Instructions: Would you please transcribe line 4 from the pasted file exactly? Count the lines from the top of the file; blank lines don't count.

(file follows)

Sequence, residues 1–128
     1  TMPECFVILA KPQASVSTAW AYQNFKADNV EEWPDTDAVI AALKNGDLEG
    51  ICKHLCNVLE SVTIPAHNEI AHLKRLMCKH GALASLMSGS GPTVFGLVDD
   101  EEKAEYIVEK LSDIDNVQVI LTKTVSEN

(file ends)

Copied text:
   101  EEKAEYIVEK LSDIDNVQVI LTKTVSEN